Chapter 3 Classical and Hellenistic Greece

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Chapter 3
Classical and Hellenistic Greece
Copyright © 2010 Pearson Education, Inc., Upper Saddle River, NJ 07458. All rights reserved.
Copyright © 2010 Pearson Education, Inc., Upper Saddle River, NJ 07458. All rights reserved.
The Delian League
From 478 B.C.E., Greeks led by Athens moved against
Persia
Aim of the Delian League was to free all Greeks under
Persian rule and sack Persian lands for compensation
Forerunner of Athenian Empire
Persians driven from Europe and Aegean cleared of pirates
Leadership of Cimon
Accepted democratic constitution of Clisthenes
Gained popularity for military successes against Persia and
friendly relations with Sparta
Replaced by Pericles
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Copyright © 2010 Pearson Education, Inc., Upper Saddle River, NJ 07458. All rights reserved.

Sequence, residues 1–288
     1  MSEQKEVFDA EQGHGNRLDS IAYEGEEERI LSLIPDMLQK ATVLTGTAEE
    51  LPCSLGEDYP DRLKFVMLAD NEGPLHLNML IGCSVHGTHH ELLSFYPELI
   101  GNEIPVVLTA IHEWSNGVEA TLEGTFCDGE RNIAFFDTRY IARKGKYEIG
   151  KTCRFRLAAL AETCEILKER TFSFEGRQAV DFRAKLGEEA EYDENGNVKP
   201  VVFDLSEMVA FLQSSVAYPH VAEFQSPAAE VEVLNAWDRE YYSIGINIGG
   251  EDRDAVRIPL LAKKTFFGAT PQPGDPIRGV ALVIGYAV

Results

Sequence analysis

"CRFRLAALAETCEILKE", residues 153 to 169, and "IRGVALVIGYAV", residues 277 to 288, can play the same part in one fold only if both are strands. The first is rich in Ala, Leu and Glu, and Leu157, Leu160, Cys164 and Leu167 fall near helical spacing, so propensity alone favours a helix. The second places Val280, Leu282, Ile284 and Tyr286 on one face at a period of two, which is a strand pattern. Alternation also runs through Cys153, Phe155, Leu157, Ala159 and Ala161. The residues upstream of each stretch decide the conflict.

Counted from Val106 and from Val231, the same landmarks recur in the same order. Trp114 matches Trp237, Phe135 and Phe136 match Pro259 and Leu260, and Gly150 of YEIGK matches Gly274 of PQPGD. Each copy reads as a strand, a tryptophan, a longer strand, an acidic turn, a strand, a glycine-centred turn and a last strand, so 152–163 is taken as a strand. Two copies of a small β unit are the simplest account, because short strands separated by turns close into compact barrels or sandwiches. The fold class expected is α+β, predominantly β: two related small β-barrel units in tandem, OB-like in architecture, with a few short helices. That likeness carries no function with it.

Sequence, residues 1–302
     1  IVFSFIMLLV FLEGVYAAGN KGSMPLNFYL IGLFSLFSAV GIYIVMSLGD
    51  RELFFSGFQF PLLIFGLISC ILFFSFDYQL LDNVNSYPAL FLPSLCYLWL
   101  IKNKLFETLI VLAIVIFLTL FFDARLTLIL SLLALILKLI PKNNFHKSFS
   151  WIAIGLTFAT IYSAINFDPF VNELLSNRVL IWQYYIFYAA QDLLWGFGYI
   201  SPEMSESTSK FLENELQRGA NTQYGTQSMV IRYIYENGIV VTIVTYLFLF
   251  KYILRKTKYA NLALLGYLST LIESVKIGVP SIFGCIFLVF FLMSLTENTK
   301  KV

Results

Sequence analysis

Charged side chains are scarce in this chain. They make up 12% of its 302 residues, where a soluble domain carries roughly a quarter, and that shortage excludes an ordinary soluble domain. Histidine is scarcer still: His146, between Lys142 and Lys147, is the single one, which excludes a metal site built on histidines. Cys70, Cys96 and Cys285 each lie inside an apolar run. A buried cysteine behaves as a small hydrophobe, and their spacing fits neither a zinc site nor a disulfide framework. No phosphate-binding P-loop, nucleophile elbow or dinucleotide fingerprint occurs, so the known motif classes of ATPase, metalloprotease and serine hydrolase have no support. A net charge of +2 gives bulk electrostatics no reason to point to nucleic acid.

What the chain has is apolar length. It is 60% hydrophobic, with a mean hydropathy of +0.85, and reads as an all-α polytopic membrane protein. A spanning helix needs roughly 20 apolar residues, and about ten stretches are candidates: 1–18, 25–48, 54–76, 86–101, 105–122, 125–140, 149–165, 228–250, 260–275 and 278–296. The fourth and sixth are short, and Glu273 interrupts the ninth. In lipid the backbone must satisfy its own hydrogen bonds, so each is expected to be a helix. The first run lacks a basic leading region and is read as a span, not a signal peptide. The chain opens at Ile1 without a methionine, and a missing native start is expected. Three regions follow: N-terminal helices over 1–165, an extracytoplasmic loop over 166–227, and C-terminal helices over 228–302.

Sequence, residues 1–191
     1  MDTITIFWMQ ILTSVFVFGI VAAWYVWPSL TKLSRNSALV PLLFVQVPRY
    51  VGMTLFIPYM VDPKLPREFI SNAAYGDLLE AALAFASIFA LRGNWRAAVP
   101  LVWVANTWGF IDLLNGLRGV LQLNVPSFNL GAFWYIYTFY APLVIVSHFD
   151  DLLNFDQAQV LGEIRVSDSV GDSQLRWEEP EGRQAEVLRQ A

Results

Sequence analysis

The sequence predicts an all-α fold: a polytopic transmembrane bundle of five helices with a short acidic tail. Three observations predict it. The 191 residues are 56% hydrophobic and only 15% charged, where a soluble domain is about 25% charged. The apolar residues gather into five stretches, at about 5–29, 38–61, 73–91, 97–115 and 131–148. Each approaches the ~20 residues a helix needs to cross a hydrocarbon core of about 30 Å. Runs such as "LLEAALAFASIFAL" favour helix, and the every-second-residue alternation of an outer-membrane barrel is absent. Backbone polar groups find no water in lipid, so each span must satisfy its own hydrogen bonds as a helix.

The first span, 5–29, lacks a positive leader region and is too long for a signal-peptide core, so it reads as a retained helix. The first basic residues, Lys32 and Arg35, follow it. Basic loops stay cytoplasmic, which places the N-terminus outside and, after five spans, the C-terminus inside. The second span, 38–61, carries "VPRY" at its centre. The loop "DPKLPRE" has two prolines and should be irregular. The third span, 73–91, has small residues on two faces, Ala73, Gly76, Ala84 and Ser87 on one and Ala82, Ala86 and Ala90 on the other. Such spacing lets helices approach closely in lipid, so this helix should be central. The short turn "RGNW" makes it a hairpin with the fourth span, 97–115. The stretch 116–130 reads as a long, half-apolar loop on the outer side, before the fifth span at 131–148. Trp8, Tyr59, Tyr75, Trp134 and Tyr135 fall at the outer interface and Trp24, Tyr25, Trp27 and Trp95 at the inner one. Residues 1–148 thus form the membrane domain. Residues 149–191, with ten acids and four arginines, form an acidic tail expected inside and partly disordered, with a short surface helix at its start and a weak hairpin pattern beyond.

The First Peloponnesian War
(ca. 460–445 B.C.E.)
Athens vs. Sparta
Early Athenian dominance
449 B.C.E., Athens ends war with Persia
445 B.C.E., Thirty Years’ Peace
Athens gives up mainland possessions outside Attica
Sparta recognizes Athenian Empire
Spartan hegemony on land, Athenian hegemony
on Aegean
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Copyright © 2010 Pearson Education, Inc., Upper Saddle River, NJ 07458. All rights reserved.
The Athenian Empire
From alliance to empire
Athens kept one-sixtieth of Delian League’s
revenues
Lands ringing Aegean
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(a)
(b)
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Athenian Democracy
Under Pericles, freest government yet
No more class restrictions on archonship
Citizenship limited to those men with two
Greek parents
Popular assembly approves all decisions
Popular court judiciary
No standing army or police force
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Copyright © 2010 Pearson Education, Inc., Upper Saddle River, NJ 07458. All rights reserved.